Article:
This is an extremely rare word, meaning the process or action of becoming warm or hot. In 1888, the New York Sun (surely the most appropriate journal to lay claim to it) included it in a squib that borrowed the shade of Dr Samuel Johnson to complain magniloquently about the perils of riding a commuter train in the city on cold winter days:
“Sir,” said Dr. Johnson, “the corporeal gelidity and horripilation superinduced by the niveous atmosphere cannot be mitigated even by the mental incalescence evolved by indignation.” “He means,” whispered Mr. Boswell, “that it’s so infernally cold in the cars of the Third Avenue elevated that even swearing at the directors won’t warm you.”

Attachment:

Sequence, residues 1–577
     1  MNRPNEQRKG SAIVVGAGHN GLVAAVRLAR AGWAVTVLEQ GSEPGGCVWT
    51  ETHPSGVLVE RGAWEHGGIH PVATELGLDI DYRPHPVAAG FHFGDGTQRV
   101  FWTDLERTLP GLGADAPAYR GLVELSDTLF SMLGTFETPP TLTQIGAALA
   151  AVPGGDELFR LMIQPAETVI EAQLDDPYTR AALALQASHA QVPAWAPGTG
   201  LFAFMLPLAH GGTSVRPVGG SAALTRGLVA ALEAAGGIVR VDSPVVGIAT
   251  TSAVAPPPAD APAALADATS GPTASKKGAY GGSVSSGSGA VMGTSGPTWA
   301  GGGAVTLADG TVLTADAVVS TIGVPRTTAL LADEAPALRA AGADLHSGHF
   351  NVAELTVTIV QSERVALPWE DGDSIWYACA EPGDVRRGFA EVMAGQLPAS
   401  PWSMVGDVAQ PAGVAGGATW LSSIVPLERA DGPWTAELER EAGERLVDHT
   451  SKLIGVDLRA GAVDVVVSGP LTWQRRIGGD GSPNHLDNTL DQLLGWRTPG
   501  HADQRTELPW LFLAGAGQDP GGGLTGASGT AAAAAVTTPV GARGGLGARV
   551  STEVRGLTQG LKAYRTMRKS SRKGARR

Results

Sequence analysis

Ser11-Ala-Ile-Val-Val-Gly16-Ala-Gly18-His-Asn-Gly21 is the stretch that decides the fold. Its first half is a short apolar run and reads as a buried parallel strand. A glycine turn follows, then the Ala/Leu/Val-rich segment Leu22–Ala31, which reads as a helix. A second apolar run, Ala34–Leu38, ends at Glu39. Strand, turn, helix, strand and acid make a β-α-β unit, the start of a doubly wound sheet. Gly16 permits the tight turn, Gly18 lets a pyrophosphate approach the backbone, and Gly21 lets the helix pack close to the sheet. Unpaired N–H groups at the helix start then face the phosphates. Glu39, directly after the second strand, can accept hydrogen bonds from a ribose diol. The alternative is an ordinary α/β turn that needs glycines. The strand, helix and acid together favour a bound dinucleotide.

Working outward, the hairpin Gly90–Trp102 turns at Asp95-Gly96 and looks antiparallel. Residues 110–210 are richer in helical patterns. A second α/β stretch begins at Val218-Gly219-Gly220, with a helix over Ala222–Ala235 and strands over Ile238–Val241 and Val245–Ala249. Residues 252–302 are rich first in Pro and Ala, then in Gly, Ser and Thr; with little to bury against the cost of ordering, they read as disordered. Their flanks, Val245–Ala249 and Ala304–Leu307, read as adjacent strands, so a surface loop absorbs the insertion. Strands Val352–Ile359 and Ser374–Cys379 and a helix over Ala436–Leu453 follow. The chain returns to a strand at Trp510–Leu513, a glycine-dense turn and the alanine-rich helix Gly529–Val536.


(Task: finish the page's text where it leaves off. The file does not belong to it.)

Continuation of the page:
Incalescence dates from the early seventeenth century; it was one of many words that were imported from Latin by scholarly writers around this time, in this case from incalescere, to become warm or hot. That’s from calere, to be warm, which is also the source of calorie, calorimeter, and other words.
Another rare appearance was in The Ladies’ Repository of December 1866: “What the flexible imagination is to the ordinary activity of the mind, the fiery is to its creative energy. Little depends upon the degree of its incalescence — more upon its living, energetic, thoughtful activity and rapid but thorough progress.”